I will give you an example of how this statement rings true. When I’m lifting weights at crossfit – if I doubt myself or I don’t feel like I can do it; generally I struggle. If I walk in with confidence and feel that I can do it, usually I don’t have any difficulties with a heavy lift. If I’m aiming to improve a lift – I have to work hard to get there, but believing that I will get there keeps me motivated and means that I will push through. So self belief does get you halfway there… but it’s hard work that gets you the rest of the way.
Another example: I’ve been a coach for swimming, for cheerleading, for touch footy, a mentor for the Duke of Edinburgh program, and a teacher. The quote above is spot on. There are some people with a natural talent or flair – they are born that way. And at the start of a new season or school year this can excite a coach or teacher – the thought that this kid will do so well. But by midway through the year/season it becomes obvious which kids are most likely to succeed or improve. It’s the kids with a good work ethic, the ones who continue to try, who listen, practice, and patiently chip away at their goals. Often enough, it’s not the naturally talented individual who continues to get by on their inborn skills. The kid who started the season without skill but worked hard and listened will end the season much improved. They might not yet have become as talented as the person born with the natural skills but with persistence and time they may surpass them.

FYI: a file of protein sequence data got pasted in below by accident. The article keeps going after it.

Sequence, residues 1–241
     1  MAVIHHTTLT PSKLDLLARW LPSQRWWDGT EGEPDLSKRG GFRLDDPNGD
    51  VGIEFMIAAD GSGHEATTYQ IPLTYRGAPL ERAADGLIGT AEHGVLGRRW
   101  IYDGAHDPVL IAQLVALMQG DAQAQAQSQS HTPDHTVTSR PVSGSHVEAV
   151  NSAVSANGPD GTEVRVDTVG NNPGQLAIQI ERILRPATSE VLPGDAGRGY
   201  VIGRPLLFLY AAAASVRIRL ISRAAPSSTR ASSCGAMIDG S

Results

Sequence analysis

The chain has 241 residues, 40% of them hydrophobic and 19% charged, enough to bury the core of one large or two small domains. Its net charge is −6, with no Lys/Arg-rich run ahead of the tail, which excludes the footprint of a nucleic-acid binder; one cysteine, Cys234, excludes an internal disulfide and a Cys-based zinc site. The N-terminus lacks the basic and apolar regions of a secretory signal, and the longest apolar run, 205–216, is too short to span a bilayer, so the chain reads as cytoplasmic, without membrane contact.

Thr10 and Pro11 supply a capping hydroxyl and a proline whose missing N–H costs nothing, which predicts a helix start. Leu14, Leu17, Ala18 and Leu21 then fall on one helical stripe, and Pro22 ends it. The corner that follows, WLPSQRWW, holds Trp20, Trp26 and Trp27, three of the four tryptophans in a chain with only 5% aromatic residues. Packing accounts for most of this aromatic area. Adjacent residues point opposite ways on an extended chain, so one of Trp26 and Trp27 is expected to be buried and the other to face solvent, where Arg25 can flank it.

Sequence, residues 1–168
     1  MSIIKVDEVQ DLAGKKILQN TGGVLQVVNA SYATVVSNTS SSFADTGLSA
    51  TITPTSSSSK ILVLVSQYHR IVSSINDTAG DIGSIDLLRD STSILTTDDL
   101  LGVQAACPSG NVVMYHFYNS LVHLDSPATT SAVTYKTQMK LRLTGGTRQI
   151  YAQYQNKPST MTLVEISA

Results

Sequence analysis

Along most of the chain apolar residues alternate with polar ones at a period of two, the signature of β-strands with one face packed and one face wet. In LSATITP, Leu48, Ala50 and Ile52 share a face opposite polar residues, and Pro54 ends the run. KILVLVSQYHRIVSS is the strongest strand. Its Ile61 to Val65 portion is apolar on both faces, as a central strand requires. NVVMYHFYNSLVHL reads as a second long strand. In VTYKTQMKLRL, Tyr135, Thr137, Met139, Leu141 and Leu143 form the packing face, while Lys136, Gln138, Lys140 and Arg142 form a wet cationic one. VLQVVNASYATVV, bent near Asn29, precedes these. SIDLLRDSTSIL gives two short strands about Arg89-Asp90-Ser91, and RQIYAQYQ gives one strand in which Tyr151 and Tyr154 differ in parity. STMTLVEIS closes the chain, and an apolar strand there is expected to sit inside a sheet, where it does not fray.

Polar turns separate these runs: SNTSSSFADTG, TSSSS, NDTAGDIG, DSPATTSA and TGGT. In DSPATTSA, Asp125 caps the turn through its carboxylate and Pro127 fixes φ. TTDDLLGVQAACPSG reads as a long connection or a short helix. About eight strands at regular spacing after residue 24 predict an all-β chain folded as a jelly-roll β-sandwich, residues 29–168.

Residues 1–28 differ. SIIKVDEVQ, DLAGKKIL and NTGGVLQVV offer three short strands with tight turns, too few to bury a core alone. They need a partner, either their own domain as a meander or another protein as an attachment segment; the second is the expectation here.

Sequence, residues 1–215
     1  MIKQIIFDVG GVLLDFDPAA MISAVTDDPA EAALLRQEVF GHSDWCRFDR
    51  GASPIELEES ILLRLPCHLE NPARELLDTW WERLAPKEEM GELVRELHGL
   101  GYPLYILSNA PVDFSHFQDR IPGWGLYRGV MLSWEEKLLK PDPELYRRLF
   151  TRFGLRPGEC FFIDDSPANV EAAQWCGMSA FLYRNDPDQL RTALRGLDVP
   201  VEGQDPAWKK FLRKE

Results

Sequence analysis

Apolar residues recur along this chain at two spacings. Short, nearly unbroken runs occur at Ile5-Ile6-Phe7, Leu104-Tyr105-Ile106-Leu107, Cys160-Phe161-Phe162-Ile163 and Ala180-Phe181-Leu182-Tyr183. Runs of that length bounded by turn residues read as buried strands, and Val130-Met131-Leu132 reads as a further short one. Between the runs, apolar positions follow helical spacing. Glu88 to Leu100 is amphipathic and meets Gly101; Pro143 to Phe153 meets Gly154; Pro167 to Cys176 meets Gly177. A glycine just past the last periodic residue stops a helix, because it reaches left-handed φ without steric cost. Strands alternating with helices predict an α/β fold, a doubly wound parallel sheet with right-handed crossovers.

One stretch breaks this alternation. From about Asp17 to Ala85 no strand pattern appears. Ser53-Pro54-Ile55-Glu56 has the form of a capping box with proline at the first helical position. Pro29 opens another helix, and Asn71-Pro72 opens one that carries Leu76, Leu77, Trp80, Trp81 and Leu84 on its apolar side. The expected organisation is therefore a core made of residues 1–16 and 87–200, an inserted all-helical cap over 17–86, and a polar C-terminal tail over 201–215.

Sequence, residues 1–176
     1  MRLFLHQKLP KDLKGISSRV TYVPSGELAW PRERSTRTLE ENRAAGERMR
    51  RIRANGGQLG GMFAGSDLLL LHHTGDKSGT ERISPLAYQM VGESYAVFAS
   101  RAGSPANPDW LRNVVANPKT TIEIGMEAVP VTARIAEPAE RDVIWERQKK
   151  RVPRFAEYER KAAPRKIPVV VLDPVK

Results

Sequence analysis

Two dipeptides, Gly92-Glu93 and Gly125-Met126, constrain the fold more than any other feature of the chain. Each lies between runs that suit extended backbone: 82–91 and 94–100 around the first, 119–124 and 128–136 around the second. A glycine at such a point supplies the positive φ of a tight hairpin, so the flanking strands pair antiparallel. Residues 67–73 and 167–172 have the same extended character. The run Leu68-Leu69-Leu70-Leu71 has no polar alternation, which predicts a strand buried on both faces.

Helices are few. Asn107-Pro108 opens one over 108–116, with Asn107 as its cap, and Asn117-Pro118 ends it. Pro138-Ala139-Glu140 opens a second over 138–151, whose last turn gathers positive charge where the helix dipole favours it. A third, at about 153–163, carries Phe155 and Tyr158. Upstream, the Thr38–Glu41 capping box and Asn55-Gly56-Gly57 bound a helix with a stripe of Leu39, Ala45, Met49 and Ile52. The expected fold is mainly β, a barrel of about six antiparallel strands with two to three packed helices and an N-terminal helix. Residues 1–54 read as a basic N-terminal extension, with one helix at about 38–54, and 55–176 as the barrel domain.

Note: this doesn’t mean that naturally talented individuals are not hardworking. Some are extraordinary and will achieve the highest possible outcomes.
It’s that persistence and strength of will that makes them hard to beat. It’s a good lesson in life. No one is good at every thing. It’s not really possible to be naturally brilliant at every single thing you try to do. It is possible to improve, to learn, and to grow. We all have our areas that we are naturally drawn to. A real life example for me (back to crossfit): I’m naturally strong. I was born short and muscular. I can lift heavy weights. I can do a handstand for 2 minutes without an issue. But grip strength hanging off bars? When I started I had none. It’s taken 9 months for me to be able to do chin ups and pull ups with a very small band. While friends of mine struggle with the heavy lifts they’re all capable of doing body weight chin ups. This doesn’t mean that they’re better or worse than I am – we are naturally different. But we work hard to get better. And the fact that we as a group push to be our personal best means that we continue to improve. Sometimes we get skills quickly and sometimes it takes months.
Have you ever received a job promotion or awards for your sport or academic achievement? I bet it wasn’t just luck. Your hard work would have placed you in the position for some good fortune to shine upon you. There’s always going to be an element of luck in life – but the harder you work – the luckier you become.
Hard work – there are no shortcuts. It’s a long road… but it’s worth it!